Thomas was the instigator this week, though. He started the worst game of telephone ever with Moseley, hinting that O’Brien was planning to leave, and counting on the news to reach Cora and Robert before O’Brien could begin damage control. It did, and Cora put on the most dignified of pouts because she thought they were buddies and it hurt her wittle feels that O’Brien would consider leaving Downton without giving her notice. It was sweet, I guess, if a little eyebrow-raising. There was a lot of sugary sweet Cora rubbing elbows with the staff this week. Carson fumbled his way through keeping Mrs. Hughes’ health on the DL while still blabbing about it every chance he got. Eventually, Cora was brought into the Cancer Scare of the Week Club, and she pulled Mrs. Hughes aside to tell her that whatever the news was, Mrs. Hughes wouldn’t have to worry, the family would take care of her. I thought that was an incredibly generous gesture from someone who was working through her own set of crises and really, at the end of the day, isn’t obligated to be much more than a paycheck provider. Why you so nice, Cora? Why you so nice and Mary such a brat?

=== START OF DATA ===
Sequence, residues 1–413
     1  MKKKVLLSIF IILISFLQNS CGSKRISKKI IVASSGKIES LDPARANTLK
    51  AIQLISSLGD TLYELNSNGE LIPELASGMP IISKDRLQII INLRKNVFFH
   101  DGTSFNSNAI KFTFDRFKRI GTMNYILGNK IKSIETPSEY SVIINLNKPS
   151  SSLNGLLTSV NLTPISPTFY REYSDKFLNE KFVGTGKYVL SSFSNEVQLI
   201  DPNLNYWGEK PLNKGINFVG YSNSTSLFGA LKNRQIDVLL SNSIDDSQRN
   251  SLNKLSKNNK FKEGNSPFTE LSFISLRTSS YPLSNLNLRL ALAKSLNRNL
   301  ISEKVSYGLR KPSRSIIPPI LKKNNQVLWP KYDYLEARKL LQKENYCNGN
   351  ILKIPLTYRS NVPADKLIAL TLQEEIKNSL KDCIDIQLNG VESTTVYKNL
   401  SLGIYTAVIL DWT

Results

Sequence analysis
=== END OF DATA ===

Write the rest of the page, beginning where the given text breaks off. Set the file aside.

To quote Mrs. Patmore, Mrs. Hughes’ cancer scare was just a scare and her lump was only “a benign something or other.” Finally, some good news for these people!
There was more to follow, though. See, Mary couldn’t leave well enough alone and the picnic to the smaller, but still totally swank, Downton Place only motivated her to ramp up her snarking at Matthew every ten seconds in an attempt to sniff out any possible way to get ALL THE MONEY. A letter from Reggie Swire came attached to his pile of money but emo Matthew didn’t want to read it because he didn’t want to hear about what a good person the Swires thought he was. At this point, I honestly can’t tell who was the bigger drama queen between the two of them, but I’m leaning toward Matthew because holy self-loathing, Batman.
Mary went ahead and read the letter because she wasn’t told “no” enough as a child and Matthew was being a dumbass anyway. It turns out that Reggie knew all about Matthew breaking Lavinia’s heart on her deathbed, but Lavinia wrote that she really respected Matthew for having no self respect and by extension, so did Reggie, so he was going to give the money to Matthew regardless. Okay. These people have the most amazing luck ever. Except Edith. Sorry, Edith. (Maybe she was adopted?)